“I like to tell people that alcoholism is one of my strengths"
"J'aime à dire que l'alcoolisme est une de mes forces"
“My name’s Ann, and I’m an alcoholic.”
1992, campagne présidentielle
Prison de Kyle, 17 janvier 1994
A augmenté le nombre de places de traitement (substance abuse program) dans les prisons du Texas
En visite dans les prisons, elle se présentait : “My name’s Ann, and I’m an alcoholic.”
45° Gouverneur (Démocrate) du Texas de 1991 à 1995
Date de sobriété : janvier 1980
Décédée sobre le 13 septembre 2008, à 73 ans
Interview accordée à Steve Young, en 2006, pour son livre “Great Failures Of The Extremely Successful"
I always had such high expectations of myself. Whatever it was, I was going to be the best...the best mother, the best wife, the best entertainer, the best nurse. Of course, I could never live up to those expectations. So I drank. When I drank it repressed all my feelings of inadequacy. It made me feel cuter, funnier and smarter. Some people can have a couple of drinks and stop. With me there was no stopping. As years went on I needed to have more and more alcohol just to feel what a little alcohol used to do for me.
It was while was working very hard as county commissioner that I realized my marriage was falling apart. My drinking became worse, not because of the marriage, but because it lessened the pain of living.
I knew something was wrong. One day I told my doctor that I thought I drank too much. He asked me how much I drank. Now, if you're an addict -- you're a liar. I told him I might have, two, three, maybe four martinis before dinner. He said he drank that much himself. So much for medical help.
In January of 1980, a friend tricked me into coming over her father's house where I was surprised by a group of my friends and family. There were so many there it looked like the Last Supper. They had planned an intervention in which each person took turns telling me what I had done to embarrass them when I drank. It was frightening. I was on an airplane that afternoon to St. Mary's in Minneapolis. I haven't had a drink since. That was over twenty years ago.
My alcoholism and my subsequent treatment ended up becoming the most wonderful, most instructive, most important experience I've had in my life. There is never a time in your life when you are granted thirty days to spend looking at yourself, scrutinizing the way you live your life, and coming to some conclusions about how you want to lead your life in the future. Even if you were offered those thirty days, you probably wouldn't take them. Certainly you wouldn't spend them the way I was forced to. I had to totally stop what I was doing and look at myself. I looked at the people I loved and the manner in which I was leading my life. It was such a gift. I think I was there about a week and a half before I got over my anger at my friends and family for confronting me with my alcoholism and my behavior. Once my anger decreased, I was able to understand just how much I was loved by those people to do what they did. I'm not an easy person to confront. It must have been agonizingly difficult.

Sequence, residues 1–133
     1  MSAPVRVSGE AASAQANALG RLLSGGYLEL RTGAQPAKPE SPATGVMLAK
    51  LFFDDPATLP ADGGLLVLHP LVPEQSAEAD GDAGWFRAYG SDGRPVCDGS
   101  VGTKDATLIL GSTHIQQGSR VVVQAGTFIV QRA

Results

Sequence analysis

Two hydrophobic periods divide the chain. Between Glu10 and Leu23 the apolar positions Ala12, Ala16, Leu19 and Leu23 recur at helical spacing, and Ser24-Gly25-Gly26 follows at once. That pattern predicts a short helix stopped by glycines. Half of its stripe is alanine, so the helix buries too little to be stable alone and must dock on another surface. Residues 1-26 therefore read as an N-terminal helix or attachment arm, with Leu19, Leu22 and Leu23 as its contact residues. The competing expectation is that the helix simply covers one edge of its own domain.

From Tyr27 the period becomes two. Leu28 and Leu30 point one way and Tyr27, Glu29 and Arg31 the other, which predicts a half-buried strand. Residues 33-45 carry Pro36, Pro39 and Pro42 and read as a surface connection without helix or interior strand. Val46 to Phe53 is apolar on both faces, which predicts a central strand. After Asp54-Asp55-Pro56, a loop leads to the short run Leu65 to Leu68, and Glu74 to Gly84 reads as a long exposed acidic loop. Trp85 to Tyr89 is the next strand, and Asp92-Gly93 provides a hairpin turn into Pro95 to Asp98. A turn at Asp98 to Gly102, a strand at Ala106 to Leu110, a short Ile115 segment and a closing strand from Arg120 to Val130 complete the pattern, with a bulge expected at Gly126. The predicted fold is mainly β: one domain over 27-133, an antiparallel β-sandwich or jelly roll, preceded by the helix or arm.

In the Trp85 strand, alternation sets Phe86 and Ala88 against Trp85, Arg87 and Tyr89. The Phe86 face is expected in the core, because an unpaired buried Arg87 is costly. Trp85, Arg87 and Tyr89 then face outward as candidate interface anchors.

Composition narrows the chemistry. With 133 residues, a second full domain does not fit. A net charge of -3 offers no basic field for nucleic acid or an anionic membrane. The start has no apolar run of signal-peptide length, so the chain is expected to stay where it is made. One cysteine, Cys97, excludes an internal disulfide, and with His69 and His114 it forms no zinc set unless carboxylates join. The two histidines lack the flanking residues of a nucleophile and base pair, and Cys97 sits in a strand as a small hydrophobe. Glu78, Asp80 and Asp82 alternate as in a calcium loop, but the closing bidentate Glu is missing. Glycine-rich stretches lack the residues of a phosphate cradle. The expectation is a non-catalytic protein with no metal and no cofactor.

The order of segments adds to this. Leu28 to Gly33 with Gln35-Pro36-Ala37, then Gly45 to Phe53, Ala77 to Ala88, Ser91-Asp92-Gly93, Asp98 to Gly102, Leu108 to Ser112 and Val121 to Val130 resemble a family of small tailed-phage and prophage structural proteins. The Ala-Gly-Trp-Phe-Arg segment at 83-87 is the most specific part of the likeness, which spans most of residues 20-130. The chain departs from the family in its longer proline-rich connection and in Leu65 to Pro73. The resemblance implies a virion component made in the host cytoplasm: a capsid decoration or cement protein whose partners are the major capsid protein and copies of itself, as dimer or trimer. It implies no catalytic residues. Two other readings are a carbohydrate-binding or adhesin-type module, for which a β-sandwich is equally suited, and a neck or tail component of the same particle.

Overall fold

The result was that I learned a lot about myself and the addiction of alcoholism. I became part the wonderful support group of Alcoholics Anonymous. It's a place where I can be drawn out of my isolation, where I can let go of my resentments, where my poor me thoughts are lifted and I'm set right again. So it really was a life altering experience, for the better.
I think failure, by definition, gets a bad rap. The assumption is that it is an irretrievable error is simply not true. I am no different from most people. If something turned out well, I thought I got lucky, that there was some serendipitous collision of the stars that took place to make something good happen. But, if I fail, if something goes awry, then I'm pretty sure it's all my fault. As a consequence I will sit and examine what I did wrong or how it went wrong. In that reexamination, I learned a lot. I learned how not to do that again. I learned what the impetus was within me that produced that failure.
I have always thought that failure was the greatest learning experience one could have. I'm naturally not a Pollyanna optimist, but I've learned that you have only one life and this is it. You might as well make the very best of it.
When I lost the governor's seat to George (W.) Bush, I was immediately saddened by it-- for about 5 seconds. I did feel badly for the people who worked so hard for me, but I learned that no matter how good you feel about your record, and no matter how positively people feel about it, it will not get you reelected. I learned that you run on what you are going to do and not on what you've done in the past.
I knew that the important thing for me was to move on. I realized that I probably had twenty years left in which I'd have all my faculties, mentally and physically. and be physically fit. One of the positive things that you can do when you fail, is set a new course. I made a list of what I wanted from those twenty years. That has made a dramatic change by realizing the opportunities to do things I couldn't do before. I had to change my mind and keep my feet moving.
When I was a practicing alcoholic I didn't have full control over using and changing my mind. Sobriety has freed me to deal with failure and never give up.
The one thing you can count on in life is change, and the only thing to worry about is how you're going to adapt to that change. Change your mind and you can set yourself on an entirely new wonderful and adventurous course.